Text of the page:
‘En cambio de sus ‘Coplas’’. Two newly acquired collections of poetry by Hendrik de Vries
‘Por Enrico de Vries, en cambio de sus ‘Coplas’’, the poet Jan Slauerhoff wrote in June 1931 in a copy of his book Saturnus – ‘to Hendrik de Vries, in return for his ‘Copla’s’ . The poet Hendrik de Vries (Groningen, 1896-1989) had translated in 1929 the so-called coplas into Dutch language. The copla is a short folk song or ‘couplet’ without end rhyme, which had a rich oral tradition in Spain. Recently, the University Library of Groningen acquired two special collections of poetry volumes and handwritten texts by Hendrik de Vries, including a first edition of his Spaansche volksliederen [Spanish folk songs] and of Coplas, the poetry edition that made him famous.
Never a foot outside of Groningen
De Vries was already making plans to travel to Spain when he had never set a foot outside of Groningen. He was a good friend of Slauerhoff, although they had entirely different characters. Slauerhoff expressed in his poetry his desire to stand out to sea, whereas De Vries tried to learn the Spanish language through self-study from 1923 onwards. His coplas were printed for the first time in the literary magazine De Vrije Bladen. Later on, they were published in 1931 as Spaansche volksliederen. Slauerhoff must have received this volume from De Vries shortly after its publication.
Slauerhoff sent manuscript drafts of his poems to De Vries as well, which were criticized punctually in the letters that his friend sent back to him. It was customary that poets thus reviewed each other’s work, before it was handed in for publication. De Vries wrote poetry full of dreams and unattainable desires, with little sense of reality, but with a measured form and end rhyme. One of his coplas reads for example:
‘Ik vermijd aller menschen gesprekken
Heb een droom tot onzichtbaar genot;
Ik ga naar verborgen plekken
En roep om de dood.’
[from: Spaansche volksliederen, 1931]
In his translation of the coplas De Vries allowed himself to do anything he wanted with the original text – he was not reluctant to alter even the meaning and form of the poems. The original coplas had no strict formal characteristics, something that was considered ‘too playful’ by De Vries and not in accordance with his own wish to point out an ‘essence’ in poetry. He did not appreciate these qualities in Slauerhoff’s poetry as well. But in his letters to Slauerhoff he was quite mild about the latter’s ‘casual’ poetry. That was probably because Slauerhoff was not only a friend, but also a doctor. De Vries could ask him for help when he suffered from psychological distress.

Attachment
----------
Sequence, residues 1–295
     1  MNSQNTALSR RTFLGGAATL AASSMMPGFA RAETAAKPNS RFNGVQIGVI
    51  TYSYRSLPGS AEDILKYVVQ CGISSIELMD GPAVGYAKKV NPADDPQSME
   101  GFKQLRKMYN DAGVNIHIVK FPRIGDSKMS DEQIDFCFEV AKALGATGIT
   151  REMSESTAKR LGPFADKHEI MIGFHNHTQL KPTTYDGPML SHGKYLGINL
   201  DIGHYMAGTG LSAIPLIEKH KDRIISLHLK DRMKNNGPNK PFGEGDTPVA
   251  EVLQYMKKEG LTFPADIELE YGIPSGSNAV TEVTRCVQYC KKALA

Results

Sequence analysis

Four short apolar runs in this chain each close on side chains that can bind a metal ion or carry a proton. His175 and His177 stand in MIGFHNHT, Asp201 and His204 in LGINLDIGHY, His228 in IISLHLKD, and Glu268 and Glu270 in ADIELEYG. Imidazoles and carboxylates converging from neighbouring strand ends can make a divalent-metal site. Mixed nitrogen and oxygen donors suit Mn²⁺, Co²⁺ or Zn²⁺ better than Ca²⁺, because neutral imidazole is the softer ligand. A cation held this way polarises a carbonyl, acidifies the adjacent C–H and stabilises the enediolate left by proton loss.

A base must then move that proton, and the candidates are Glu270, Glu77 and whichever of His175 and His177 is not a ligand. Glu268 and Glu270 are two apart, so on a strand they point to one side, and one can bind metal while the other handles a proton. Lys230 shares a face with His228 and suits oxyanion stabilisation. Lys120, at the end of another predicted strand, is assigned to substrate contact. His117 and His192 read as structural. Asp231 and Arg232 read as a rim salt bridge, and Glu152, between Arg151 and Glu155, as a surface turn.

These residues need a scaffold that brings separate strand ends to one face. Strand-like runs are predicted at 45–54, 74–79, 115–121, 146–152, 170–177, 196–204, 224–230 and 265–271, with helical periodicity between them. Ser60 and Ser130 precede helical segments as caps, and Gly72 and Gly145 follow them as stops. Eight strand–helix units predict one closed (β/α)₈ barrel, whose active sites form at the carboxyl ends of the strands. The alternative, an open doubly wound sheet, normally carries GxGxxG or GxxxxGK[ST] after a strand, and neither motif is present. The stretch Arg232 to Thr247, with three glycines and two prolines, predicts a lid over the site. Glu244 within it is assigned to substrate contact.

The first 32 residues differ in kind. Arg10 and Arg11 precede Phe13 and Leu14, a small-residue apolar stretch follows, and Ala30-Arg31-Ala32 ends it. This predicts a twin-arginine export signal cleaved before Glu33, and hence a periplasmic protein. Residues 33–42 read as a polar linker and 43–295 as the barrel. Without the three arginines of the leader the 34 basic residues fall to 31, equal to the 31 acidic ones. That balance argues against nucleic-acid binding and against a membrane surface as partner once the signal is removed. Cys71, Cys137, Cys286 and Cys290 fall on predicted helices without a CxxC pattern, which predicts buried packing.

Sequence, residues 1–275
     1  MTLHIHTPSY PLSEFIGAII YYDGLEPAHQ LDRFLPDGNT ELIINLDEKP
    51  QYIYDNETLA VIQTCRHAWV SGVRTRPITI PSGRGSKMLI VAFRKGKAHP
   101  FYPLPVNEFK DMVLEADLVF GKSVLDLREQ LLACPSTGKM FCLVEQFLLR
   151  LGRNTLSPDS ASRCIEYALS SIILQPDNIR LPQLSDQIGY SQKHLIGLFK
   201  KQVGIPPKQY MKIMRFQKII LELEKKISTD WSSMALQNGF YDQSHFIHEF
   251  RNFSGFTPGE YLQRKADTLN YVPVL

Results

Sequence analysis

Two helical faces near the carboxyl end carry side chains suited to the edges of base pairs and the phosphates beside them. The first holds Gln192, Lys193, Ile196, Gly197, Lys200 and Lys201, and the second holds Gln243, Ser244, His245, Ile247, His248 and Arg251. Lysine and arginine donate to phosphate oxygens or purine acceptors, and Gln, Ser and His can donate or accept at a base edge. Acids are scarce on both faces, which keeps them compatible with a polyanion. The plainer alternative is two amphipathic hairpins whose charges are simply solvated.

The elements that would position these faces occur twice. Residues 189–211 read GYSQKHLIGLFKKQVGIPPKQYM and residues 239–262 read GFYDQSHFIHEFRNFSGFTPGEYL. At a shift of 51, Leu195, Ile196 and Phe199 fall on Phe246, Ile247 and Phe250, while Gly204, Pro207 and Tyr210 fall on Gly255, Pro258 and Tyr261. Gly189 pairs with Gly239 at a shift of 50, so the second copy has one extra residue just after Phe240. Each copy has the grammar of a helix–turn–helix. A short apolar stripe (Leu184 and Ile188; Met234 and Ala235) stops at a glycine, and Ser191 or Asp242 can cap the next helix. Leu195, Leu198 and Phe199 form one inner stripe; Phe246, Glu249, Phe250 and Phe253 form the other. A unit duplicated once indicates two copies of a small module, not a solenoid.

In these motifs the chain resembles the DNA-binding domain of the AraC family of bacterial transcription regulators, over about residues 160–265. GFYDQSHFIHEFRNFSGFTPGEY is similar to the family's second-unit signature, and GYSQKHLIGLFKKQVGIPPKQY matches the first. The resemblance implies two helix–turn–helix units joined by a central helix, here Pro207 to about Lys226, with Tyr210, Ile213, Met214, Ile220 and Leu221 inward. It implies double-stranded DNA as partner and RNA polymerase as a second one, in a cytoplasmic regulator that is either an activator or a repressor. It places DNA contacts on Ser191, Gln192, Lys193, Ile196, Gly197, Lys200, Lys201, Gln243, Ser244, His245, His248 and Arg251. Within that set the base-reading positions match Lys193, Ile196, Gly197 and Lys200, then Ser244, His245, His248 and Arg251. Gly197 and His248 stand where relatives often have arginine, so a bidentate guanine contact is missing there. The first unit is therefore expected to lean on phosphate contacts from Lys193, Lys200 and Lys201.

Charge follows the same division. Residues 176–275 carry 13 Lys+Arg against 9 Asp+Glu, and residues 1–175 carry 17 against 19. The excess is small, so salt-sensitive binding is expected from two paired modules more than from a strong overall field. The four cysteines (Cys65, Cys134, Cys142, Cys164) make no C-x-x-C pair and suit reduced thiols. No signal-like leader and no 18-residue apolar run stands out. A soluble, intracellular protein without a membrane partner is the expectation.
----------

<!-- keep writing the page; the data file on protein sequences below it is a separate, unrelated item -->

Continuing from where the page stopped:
Poetry as ‘salvation’
De Vries suffered from extreme mood swings. In his letters to Slauerhoff, he more than once considered suicide as a reasonable option. Still, he was able to handle his manic periods by applying them as a source for his creativity. A long poem that he wanted to write together with Slauerhoff under the title of Erebus was considered by him as the ‘salvation’ that kept him from committing suicide during his first trip to Spain. De Vries was raised in a small home at the Anna Paulownastreet in Groningen. Afterwards he moved with his parents to the Korreweg. His father had to cope with long periods of depression, whereas his mother was diagnosed with a bipolar disorder. She was taken into a mental hospital several times when she attempted to take her own life. De Vries’s longing for everything Spanish could indeed be considered as a flight out of this anxious world.
Twelve journeys to Spain
Between 1924 and 1936, De Vries made twelve journeys to Spain. Each time he stayed no more than two weeks there. He travelled by train, bus and on foot, mostly through the eastern part of Spain. He felt attracted to the country in the first place because he found its flag the most beautiful one in the world. He thought the flag fitted beautifully well with the bullfights he visited. After Spain became a republic in 1931, the red-yellow-red flag was replaced by a red-yellow-purple one. De Vries was a republican, but he continued to cherish the original flag.
During his trips to Spain, De Vries did not express any political views. Only after the beginning of the Civil War in 1936, he took side with the republic, and against the rising national-socialist factions of General Francisco Franco. From now on, De Vries did not travel to Spain anymore, although he continued to organize lectures and collections for the benefit of war victims.
Acquaintance with Geers
At the end of the 1920s, De Vries got acquainted with the Hispanist G.J. Geers, who had developed a sympathy for communism during his visits to Spain. After he was banned for ideological reasons from the country, he began to work as an unpaid lecturer at the University of Groningen. Geers wrote the preface to the volume Spaansche volkskliederen. De Vries was proud of his translations and preferred to recite them during his lectures. But his knowledge of the Spanish language remained limited. To practice his written skills, he sometimes corresponded in the Spanish language with Slauerhoff, but these letters do not feature a rich grammar or vocabulary
De Vries liked to translate poetry by the authors of the Generation of 1898, like Miguel de Unamuno. But when he found an annoying repetition in Unamuno’s work, he felt ‘obliged to poetry itself’ to correct this ‘mistake’. Also the mystical element that Unamuno ascribed to the Castilian landscape could not be found in De Vries’s translations. He preferred to read poetry from the context of Spanish neoromanticism and modernismo, a movement that started at the same time as the Generation of 1898. Still, De Vries never visited a contemporary sympathizer of these movements during his travels to Spain.